While it officially debuted at the Geneva Motor Show last spring, Bugatti has been keeping the new Chiron ultracar largely under wraps ever since.
But the Volkswagen AG maker brought the Veyron successor out, appropriately enough, for this year’s Pebble Beach Concours d’Elegance, and we finally got the chance to check it out up close – and with the help of Chiron Chief Engineer Willi Netuschil.
While the Chiron picks up on key styling cues of the brand’s previous exotic, the Veyron, Netuschil made it clear that it is anything but a carryover. A closer look, he explained, reveals the significant updates made to ensure that Chiron can deliver a whopping 25% more power than the old Bugatti, something that should help it regain a number of world records, including power, torque and top speed.
“This was a very, very big challenge,” said the German engineer who started out as an auto mechanic, taking an unusual route to leading the development of the world’s fastest automobile. He briefly worked at Mercedes before joining VW on its heavy truck program. Immediately before taking on the Chiron project four years ago, Netuschil was working on the Amorak, VW’s midsize pickup.
“The previous car was the pinnacle, but now we had to top that,” he explained as he walked over to a Bugatti Chiron hidden in a courtyard by the Lodge at Pebble Beach. The one thing that he and his team members were told to eliminate from their vocabulary was the word, “impossible.”
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Surprisingly, getting 1,500 horsepower and 1,180 pound-feet of torque out of the Chiron’s 8.0-liter quad-turbo W-16 engine wasn’t considered the biggest challenge. The real obstacle was finding ways to cool both the engine and the massive brakes needed to slow down a car with an estimated top speed of 420 kmh, or just over 260 mph.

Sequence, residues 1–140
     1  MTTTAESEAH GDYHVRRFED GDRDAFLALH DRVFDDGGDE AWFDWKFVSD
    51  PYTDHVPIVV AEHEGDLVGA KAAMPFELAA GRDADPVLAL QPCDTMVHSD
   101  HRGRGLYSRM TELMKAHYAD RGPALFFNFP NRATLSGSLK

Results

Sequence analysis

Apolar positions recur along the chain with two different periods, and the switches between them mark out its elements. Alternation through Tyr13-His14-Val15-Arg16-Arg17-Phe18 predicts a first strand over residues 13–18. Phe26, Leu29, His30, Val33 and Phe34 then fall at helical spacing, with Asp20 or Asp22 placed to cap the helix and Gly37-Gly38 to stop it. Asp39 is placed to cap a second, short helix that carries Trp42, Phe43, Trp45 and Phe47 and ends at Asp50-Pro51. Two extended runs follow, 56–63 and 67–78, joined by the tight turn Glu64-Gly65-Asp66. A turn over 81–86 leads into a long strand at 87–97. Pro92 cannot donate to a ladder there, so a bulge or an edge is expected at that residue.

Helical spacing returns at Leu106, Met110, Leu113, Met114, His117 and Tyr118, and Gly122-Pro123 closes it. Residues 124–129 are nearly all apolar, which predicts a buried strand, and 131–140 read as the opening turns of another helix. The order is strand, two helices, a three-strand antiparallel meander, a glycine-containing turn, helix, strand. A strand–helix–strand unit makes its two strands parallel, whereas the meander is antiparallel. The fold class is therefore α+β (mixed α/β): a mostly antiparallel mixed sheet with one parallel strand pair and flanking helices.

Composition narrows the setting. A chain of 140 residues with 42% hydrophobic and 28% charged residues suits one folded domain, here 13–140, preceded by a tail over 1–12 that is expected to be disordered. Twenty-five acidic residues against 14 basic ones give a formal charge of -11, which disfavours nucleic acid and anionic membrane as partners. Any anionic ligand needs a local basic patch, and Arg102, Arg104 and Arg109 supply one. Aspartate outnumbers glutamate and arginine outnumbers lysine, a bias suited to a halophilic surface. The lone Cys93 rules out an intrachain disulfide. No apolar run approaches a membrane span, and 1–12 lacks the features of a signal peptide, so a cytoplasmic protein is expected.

It will need to hit at least 261 mph to regain the world speed record for a production vehicle.
A closer inspection of the Chiron’s ultra-light carbon-fiber body reveals the solution – or solutions, if you prefer. There are any number of air intakes, including ones next to the headlamps, along the grille and below the bumper, to cool the huge front brakes – which each use eight pistons. There are twin intakes built into the body, the upper half feeding the engine, the lower ports providing still more cooling for the rear six-piston brakes.
Those pistons, incidentally, are made of titanium, part of the broader effort to maintain the 4,390-pound mass of the old Veyron – a target Netuschil claims his team hit.
Carbon fiber and composites make up the vast majority of the body and chassis, with the notable exception of aluminum crash structures at the front and rear of the Bugatti Chiron.
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In a first, the engineering team even came up with a way to use carbon-fiber components, such as the intake runners and manifold, on the engine. Beyond saving weight, the smoother surface improved airflow, according to the chief engineer.
Airflow, at the speeds the Chiron will operate, is pretty much everything. Attack the wind the wrong way and it will slow you down – or toss you out of control. Getting aerodynamics right came down to the subtlest of details. There are small flaps on the big wheels, for example, to further improve cooling and to reduce drag around the “dirty” wheel wells.
There’s also a large, adaptive rear spoiler that adjusts its position depending upon factors such as the speed of the vehicle and the mode the driver has set it in. These include a cruising mode, an Autobahn mode and, with the right key, a speed-record mode. If you don’t hand that special key to your kid or the valet, sadly, they will be limited to keeping the Chiron down to a mere 380 kmh, or 236 mph.
The development team actually tried to improve drivability of the Chiron, as well as its performance. They also made sure to keep a driver’s attention focused, as much as possible, on the road. There are none of the big video screens you find in so many of today’s cars, even high performance vehicles. Instead, there is a large speedometer centered behind the steering wheel, with two modest LCD displays framing it. The left handles vehicle-related functions, the right navigation and infotainment.
Key vehicle controls are mounted on the steering wheel, secondary controls for things like climate control rise up, single file, on the center stack.
The simple message of the Bugatti Chiron, inside and out, is that, “design follows performance,” explained Netuschil.
As with the Veyron before it, Bugatti officials acknowledge they will likely offer a series of updated variants during the Chiron’s lifecycle. If the old model is any indication, we’ll see an open-top version, as well as still more powerful and faster packages. But what’s on tap next, Netuschil cautioned, “We haven’t decided yet.” The first goal is to get the basic Bugatti Chiron on the road.
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That will happen later this year at a price tag expected to start at around $2.6 million, or nearly double what the original Bugatti Veyron went for.